Business Meetings – Quantifying the Massive Investment

Have you ever wondered how much money is invested in meetings?  We wanted to take a stab at quantifying the magnitude of the meeting investment.  We originally compiled most of this research for a presentation that we gave a few months back but we extended that research further for this article.  The goal of the research was to produce a quick back of the envelope quantification of a seldom considered but significant aspect of business meetings.  Specifically we were very interested in trying to quantify the investment that is made in meetings by organizations of all sizes each and every day.  Obviously this could be the topic of an intense year or longer research study but we thought just scratching the surface of this topic would provide some food for thought.  We think you will find the numbers below both conservative in nature and compelling at the same time.

  • According to the National Statistics Council the typical employee spends about 37% of their time in meetings
  • That equates to over 60 one hour meetings each month
  • The most recent data from the U.S. Bureau of Labor Statistics puts average employee compensation at $30 per hour
  • That translates into approximately $1,800 per employee each month that is invested in meetings
  • Several studies we reviewed, including a sampling of our own survey results on meeting effectiveness, place meeting productivity at around 50%


So you might be thinking $1,800 per month doesn’t sounds like a huge investment.  Lets take a look at what this means for a company with 1,000 employees.

  • $1,800 per month per employee  x 1,000 employees = $1,800,0000 per month invested in meetings
  • $1,800,000 per month x 12 months per year = $21,600,000 invested in meetings annually


Okay so maybe now we have your attention.  Our 1,000 person company is conservatively investing 21.6 Million dollars a year in meetings.  If those meetings are only 50% productive then that means our 1,000 person company is wasting almost 11 Million dollars a year in employee time spend sitting in unproductive meetings.  How is this being tolerated?  What value could this wasted 11 Million dollars have produced for our 1,000 person company.  If this is not startling enough lets take the numbers to a whole new level.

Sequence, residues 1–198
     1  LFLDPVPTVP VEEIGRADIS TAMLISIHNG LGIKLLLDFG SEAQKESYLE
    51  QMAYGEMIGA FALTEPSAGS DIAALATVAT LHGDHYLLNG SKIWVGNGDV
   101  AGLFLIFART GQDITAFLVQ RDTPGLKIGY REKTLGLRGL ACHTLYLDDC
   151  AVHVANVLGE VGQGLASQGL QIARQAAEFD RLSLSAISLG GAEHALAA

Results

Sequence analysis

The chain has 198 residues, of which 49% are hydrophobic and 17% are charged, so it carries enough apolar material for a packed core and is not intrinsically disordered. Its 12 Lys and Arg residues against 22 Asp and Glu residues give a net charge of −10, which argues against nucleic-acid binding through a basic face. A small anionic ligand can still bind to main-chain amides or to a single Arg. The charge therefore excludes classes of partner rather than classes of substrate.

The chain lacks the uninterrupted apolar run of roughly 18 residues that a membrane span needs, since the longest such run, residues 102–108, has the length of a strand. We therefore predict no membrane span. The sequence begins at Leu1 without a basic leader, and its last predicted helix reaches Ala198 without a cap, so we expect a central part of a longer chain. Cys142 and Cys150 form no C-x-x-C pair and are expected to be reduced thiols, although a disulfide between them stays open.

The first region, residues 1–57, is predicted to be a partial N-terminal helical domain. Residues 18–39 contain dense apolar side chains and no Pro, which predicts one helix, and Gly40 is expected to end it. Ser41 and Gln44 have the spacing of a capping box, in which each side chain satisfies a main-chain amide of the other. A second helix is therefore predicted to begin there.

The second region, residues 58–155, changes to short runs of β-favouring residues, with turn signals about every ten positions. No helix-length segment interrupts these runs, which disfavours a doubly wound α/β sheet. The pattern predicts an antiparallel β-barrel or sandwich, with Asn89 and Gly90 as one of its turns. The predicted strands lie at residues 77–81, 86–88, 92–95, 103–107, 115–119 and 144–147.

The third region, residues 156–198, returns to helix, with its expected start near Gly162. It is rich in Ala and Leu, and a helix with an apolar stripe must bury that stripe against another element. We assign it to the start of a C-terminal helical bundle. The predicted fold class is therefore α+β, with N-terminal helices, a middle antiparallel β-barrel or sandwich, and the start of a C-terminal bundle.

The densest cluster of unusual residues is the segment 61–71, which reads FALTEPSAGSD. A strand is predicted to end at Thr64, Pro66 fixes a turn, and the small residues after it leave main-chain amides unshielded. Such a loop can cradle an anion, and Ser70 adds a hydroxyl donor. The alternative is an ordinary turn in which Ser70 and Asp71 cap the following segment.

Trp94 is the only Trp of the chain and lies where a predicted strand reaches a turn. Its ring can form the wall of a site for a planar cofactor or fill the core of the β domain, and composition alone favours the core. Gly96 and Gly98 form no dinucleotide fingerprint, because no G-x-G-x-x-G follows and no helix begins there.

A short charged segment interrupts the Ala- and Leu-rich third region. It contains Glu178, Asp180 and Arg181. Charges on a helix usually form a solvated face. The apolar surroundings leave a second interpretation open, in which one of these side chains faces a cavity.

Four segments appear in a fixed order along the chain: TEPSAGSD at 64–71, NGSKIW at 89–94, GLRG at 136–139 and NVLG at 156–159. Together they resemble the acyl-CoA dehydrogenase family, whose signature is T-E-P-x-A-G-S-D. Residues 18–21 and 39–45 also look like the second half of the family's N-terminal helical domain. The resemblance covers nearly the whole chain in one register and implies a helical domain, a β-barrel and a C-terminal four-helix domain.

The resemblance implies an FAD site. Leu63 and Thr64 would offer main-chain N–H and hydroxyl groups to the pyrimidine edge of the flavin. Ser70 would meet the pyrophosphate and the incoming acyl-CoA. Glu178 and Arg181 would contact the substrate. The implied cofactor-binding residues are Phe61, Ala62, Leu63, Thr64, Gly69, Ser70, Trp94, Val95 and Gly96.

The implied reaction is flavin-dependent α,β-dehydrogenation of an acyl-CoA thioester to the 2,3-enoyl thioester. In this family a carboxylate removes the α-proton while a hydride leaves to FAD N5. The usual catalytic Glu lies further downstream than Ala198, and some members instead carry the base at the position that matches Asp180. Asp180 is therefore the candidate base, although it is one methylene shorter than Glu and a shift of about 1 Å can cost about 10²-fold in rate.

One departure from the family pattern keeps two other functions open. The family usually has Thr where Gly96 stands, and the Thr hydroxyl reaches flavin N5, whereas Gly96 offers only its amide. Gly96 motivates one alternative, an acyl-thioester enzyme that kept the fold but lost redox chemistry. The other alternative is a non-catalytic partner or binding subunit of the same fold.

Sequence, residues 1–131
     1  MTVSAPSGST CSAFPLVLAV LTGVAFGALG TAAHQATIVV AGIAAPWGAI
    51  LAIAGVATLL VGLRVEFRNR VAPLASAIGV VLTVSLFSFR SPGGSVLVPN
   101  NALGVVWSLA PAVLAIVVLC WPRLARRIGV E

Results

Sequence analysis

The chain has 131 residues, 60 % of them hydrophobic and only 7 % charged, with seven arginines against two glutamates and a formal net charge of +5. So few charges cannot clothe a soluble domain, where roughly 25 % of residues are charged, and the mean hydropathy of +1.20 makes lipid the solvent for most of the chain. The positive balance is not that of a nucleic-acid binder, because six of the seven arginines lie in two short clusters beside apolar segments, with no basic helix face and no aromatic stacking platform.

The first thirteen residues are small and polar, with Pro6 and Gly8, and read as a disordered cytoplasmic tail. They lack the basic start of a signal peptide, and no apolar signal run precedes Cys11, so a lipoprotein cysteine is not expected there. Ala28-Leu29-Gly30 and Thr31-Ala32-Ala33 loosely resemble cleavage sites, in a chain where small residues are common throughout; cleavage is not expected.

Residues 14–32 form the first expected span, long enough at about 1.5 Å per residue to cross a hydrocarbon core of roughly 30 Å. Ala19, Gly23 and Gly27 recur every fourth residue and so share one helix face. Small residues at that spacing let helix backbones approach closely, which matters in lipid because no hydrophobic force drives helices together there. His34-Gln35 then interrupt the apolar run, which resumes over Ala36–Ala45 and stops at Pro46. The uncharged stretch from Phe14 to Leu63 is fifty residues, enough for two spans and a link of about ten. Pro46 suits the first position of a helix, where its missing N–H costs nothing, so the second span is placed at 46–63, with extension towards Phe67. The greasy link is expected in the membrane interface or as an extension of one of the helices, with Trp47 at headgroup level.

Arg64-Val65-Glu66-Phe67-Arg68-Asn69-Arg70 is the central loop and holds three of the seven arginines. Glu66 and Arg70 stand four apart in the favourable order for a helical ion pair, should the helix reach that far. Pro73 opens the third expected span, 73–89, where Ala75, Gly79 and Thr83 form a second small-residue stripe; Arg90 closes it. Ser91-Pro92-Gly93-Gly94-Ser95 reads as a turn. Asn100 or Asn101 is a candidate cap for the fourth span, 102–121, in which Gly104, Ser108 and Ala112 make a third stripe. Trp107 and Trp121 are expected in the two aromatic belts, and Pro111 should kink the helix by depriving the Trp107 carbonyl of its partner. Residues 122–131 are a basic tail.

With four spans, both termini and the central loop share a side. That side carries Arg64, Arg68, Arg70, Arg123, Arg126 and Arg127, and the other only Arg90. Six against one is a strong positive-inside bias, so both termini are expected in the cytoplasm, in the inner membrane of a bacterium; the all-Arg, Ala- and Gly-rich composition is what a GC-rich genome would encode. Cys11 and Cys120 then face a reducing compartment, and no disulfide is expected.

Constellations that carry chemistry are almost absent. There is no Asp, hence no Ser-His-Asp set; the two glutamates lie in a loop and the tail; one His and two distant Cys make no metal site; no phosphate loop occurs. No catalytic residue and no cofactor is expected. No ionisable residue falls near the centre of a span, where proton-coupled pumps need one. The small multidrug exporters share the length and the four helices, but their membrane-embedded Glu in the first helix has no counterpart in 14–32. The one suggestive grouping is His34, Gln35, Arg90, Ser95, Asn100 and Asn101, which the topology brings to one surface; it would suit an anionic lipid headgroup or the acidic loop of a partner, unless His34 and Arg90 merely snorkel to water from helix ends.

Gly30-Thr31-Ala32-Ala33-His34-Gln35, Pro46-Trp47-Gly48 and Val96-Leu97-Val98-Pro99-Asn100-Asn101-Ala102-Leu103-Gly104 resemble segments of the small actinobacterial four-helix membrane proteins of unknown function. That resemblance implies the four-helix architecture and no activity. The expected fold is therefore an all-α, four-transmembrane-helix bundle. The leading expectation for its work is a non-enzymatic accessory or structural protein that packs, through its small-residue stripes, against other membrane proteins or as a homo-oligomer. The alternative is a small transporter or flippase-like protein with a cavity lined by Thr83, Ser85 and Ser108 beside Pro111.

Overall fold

A 2008 U.S. Labor Trends Report projects that in 2010 the labor force would consist of approximately 157 Million workers.  For this calculation lets assume we are dealing primarily with white collar workers since they account for the majority of meetings that are conducted.  Another study suggests that white collar workers comprise roughly 50% of the work force.  This means that there are roughly 78.5 Million white collar workers in America.  If we revisit the numbers from our earlier calculations then the math looks something like this.
  • $1,800 per employee per month x 78,500,000 employees = $141,300,000,000 that is invested in meetings annually.  Yes that is 141 Billion Dollars.
  • If we consider that roughly 50% of meeting time is unproductive then collectively there is approximately 70.5 Billion Dollars a year that is being wasted in unproductive meetings.  WOW!
  • 70.5 Billion Dollars seems like an overwhelming number.  What is 720 hours (60 hours per month x 12 months) of your time worth each year?


This is an alarming waste of resources that should cause anyone responsible for calling meetings to pause and reflect on a few key questions.

  1. Is the meeting that I am scheduling really required?
  2. Have I considered the cost of the meeting?
  3. Do I have a clearly defined set of objectives for the meeting that can be measured?
  4. Do I have a carefully planned agenda designed to achieve my objectives?
  5. Have I invited and confirmed that the required people and only the required people will be in attendance at the meeting?
  6. Have I communicated ground rules for the meeting that will ensure we stay on topic and achieve our desired objectives in the time allotted for the meeting?
  7. Have I ensured that all logistical preparations have been made for the meeting and that all required materials have been assembled and communicated to meeting attendees with sufficient time for individual preparation?
  8. Do I have a plan for ensuring that proper follow up after the meeting is done in a timely manner?

For more information and resources for running effective meetings visit

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